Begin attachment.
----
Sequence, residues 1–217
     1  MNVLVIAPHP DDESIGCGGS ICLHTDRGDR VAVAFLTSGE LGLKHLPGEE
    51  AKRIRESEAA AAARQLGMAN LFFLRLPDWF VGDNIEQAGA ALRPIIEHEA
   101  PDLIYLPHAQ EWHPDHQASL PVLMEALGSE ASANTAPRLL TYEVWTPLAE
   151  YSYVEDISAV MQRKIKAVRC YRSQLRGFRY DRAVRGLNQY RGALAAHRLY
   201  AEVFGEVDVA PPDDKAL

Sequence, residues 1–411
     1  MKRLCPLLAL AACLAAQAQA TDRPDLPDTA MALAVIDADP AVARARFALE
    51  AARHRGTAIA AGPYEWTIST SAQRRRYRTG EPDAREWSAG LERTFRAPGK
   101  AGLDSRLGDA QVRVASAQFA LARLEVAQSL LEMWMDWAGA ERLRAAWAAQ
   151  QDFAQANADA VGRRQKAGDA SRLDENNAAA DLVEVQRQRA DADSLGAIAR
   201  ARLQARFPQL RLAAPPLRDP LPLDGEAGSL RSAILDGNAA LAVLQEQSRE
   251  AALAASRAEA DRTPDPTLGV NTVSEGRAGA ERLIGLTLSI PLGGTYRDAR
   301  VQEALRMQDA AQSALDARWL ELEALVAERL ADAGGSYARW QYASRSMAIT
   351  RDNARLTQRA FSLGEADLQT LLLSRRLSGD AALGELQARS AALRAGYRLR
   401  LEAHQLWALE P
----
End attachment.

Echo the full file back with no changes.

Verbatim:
Sequence, residues 1–217
     1  MNVLVIAPHP DDESIGCGGS ICLHTDRGDR VAVAFLTSGE LGLKHLPGEE
    51  AKRIRESEAA AAARQLGMAN LFFLRLPDWF VGDNIEQAGA ALRPIIEHEA
   101  PDLIYLPHAQ EWHPDHQASL PVLMEALGSE ASANTAPRLL TYEVWTPLAE
   151  YSYVEDISAV MQRKIKAVRC YRSQLRGFRY DRAVRGLNQY RGALAAHRLY
   201  AEVFGEVDVA PPDDKAL

Sequence, residues 1–411
     1  MKRLCPLLAL AACLAAQAQA TDRPDLPDTA MALAVIDADP AVARARFALE
    51  AARHRGTAIA AGPYEWTIST SAQRRRYRTG EPDAREWSAG LERTFRAPGK
   101  AGLDSRLGDA QVRVASAQFA LARLEVAQSL LEMWMDWAGA ERLRAAWAAQ
   151  QDFAQANADA VGRRQKAGDA SRLDENNAAA DLVEVQRQRA DADSLGAIAR
   201  ARLQARFPQL RLAAPPLRDP LPLDGEAGSL RSAILDGNAA LAVLQEQSRE
   251  AALAASRAEA DRTPDPTLGV NTVSEGRAGA ERLIGLTLSI PLGGTYRDAR
   301  VQEALRMQDA AQSALDARWL ELEALVAERL ADAGGSYARW QYASRSMAIT
   351  RDNARLTQRA FSLGEADLQT LLLSRRLSGD AALGELQARS AALRAGYRLR
   401  LEAHQLWALE P